New Dallas Mavs forward Grant Williams arrived at a local Dallas ISD elementary school Monday morning just as the sun crested the horizon.

A self-proclaimed “kid at heart,” he had an extra pep in his step, showing up early to shake hands with every child and their parents. He didn’t want to miss anyone.

One student showed him no mercy.

“You dance like it’s 2006,” a student named Grace quipped.

Williams stood there stunned for a second before he busted out laughing.

“Man, I don’t know if Grace is my friend right now; she kind of jokingly bullied me today,” Williams later told

“I asked her, ‘How old do you think I am?’ And she hit me with a good old seasoned 32 years old. That’s a little mature, I told her. I’m 24. Then she told me I had busted knees. I said, ‘Why I gotta be all that?’ But at the end of the day, Grace is my gal. I still told her I was a better dancer than her. It doesn’t matter if I have busted knees or not.”

Williams joined Dallas Mavs CEO Cynt Marshall and the community relations team for a special back-to-school extravaganza that takes place every year at Adelle Turner Elementary School.

The franchise adopted the school in 2021 as part of their Mavs Take ACTION! plan, whose mission is to “address racial inequalities, promote social justice and drive change within North Texas.”

Adelle Turner is a predominately Black Dallas ISD school with many low-income students.

When the Mavs first came on board, the school was rated an F, but after two years of support and programming, “they are now up to a B+,” said Sean Reed with the Mavs.

Monday morning, Williams and Marshall danced, laughed and handed out school supplies to the youngsters. Every child received goodies along with dental kits from Jefferson Dental & Orthodontics.

“Welcome back, welcome back, it’s going to be a great school year,” Williams promised each child, many of them shocked to see an NBA player at their school.

Williams said school is fun. Growing up, he was chatty and had to navigate the complexities of being a kid.

“I was talkative,” he laughed. “Still am.”

The playground was his refuge where, like most kids, he loved to burst through the doors at recess time and play sports with his friends.

Eventually, he became a good enough basketball player that his parents sent him to a private school. Providence Day School in Charlotte had a competitive basketball team, allowing him to gain foundational skills in juggling sports and academics.

“I was always a good student,” Williams said. “I was an honor roll student and tried my best to keep it up there, but my favorite thing about school was P.E. I loved going outside and playing with all my friends. But in the classroom, I tried my best.”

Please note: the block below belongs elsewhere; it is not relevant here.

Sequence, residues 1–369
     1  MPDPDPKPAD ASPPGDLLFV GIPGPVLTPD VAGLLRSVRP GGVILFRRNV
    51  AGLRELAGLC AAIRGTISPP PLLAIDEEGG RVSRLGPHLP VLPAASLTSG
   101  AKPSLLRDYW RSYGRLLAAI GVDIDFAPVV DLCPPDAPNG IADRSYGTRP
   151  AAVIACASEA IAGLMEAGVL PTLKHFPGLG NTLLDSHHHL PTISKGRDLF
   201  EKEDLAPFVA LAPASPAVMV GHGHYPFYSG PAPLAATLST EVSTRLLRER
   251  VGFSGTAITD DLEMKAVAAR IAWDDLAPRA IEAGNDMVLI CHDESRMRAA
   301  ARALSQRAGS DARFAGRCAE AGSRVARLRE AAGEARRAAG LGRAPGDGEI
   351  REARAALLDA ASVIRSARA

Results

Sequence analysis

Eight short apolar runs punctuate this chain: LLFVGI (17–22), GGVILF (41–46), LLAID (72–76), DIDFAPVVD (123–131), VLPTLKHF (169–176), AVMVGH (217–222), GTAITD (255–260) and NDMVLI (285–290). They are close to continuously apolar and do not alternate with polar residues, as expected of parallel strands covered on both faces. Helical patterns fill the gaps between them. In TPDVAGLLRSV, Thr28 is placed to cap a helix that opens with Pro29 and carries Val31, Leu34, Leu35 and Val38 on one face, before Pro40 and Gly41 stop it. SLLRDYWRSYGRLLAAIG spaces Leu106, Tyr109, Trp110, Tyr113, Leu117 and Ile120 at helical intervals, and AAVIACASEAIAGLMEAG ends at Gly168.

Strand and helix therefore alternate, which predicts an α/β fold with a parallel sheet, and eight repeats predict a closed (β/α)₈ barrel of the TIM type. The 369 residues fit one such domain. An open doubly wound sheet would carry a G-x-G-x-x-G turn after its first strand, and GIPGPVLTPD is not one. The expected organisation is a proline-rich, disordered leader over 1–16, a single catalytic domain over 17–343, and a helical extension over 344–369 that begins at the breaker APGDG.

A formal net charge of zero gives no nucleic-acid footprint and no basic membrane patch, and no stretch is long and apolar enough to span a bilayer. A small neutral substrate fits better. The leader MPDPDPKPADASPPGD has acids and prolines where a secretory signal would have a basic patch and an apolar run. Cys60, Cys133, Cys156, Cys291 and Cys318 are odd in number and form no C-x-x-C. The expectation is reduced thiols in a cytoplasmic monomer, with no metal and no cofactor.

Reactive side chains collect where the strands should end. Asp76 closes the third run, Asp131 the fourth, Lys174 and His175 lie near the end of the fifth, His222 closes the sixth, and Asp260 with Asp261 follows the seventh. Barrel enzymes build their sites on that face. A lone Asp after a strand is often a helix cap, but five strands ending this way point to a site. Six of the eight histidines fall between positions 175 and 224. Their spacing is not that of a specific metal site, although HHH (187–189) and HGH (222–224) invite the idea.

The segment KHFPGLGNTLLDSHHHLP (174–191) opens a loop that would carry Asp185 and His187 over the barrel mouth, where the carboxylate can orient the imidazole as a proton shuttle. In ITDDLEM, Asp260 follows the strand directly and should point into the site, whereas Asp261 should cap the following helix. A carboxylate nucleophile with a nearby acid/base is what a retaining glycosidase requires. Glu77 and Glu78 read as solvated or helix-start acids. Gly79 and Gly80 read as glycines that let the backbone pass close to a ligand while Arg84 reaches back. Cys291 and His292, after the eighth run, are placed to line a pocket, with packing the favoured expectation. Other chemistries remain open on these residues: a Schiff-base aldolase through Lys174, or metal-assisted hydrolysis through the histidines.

Education was always important in the Williams family, and space exploration was a major topic.

Grant’s mother, Teresa Johnson, is an electrical engineer at NASA who helped design the International Space Station in the 1980s.

She became one of the only women to major in electrical engineering at North Carolina A&T State University before trailblazing a new path in the industry.

Meanwhile, his father, Gilbert, played professional basketball and later worked as a bodyguard for clients like Michael Jackson and Prince in the music industry.

Williams became a nationally-ranked chess player in elementary school and performed in high school musicals.

He’s also an exceptional Spanish speaker and chose Tennessee after considering several Ivy League colleges, including Harvard and Yale.

The forward says he was thrilled to meet with students and teachers in Dallas on Monday morning because they represented his new city.

He even dished out breakfast.

“The people have treated me super well,” Williams said about Dallas.

“I’m just very thankful and happy about the start of the season. The team has been amazing, and the organization and the fans in the city as well.”

While doing classroom visits, Williams told students that he enjoyed anime “probably more than them.”

The 6-foot-6 forward said he always loved school and was a strong student because his parents built a strong foundation in academics, self-discipline and sports.

He graduated from the University of Tennessee in just three years with a degree in supply chain management.

He said his business background helps him in the NBA, and he’s interested in entrepreneurship.

“All the business skills still help me today,” Williams said.

Williams is active in the community in various ways beyond just with the Mavs.

He will spend the next four years as the First Vice President of the National Basketball Players Association (NBPA).

His fellow union members elected Williams earlier this year.

He also has his own charity called The Grant Williams Family Foundation (GWFF), an organization that focuses on education, realizing it has the potential to create better futures for multiple generations.

GWFF levels the playing field for students from underprivileged communities, and he provides mentors, scholarships and programs to give them hope for the future.

Williams reminded the students Monday morning to chase after their dreams and be willing to trail-blaze their own paths.

The message hit home for everyone.

“In one word, I’d describe Grant’s visit as remarkable,” said Reed, who manages the Mavs Take ACTION! program. “Having an NBA player and a CEO of a large franchise visit a school shows the students that they can do anything. It shows them that they can succeed no matter where they come from or what zip code they come from. We care about people, and it’s more than a logo on an event. It’s about an investment in the students, educators and the community.”

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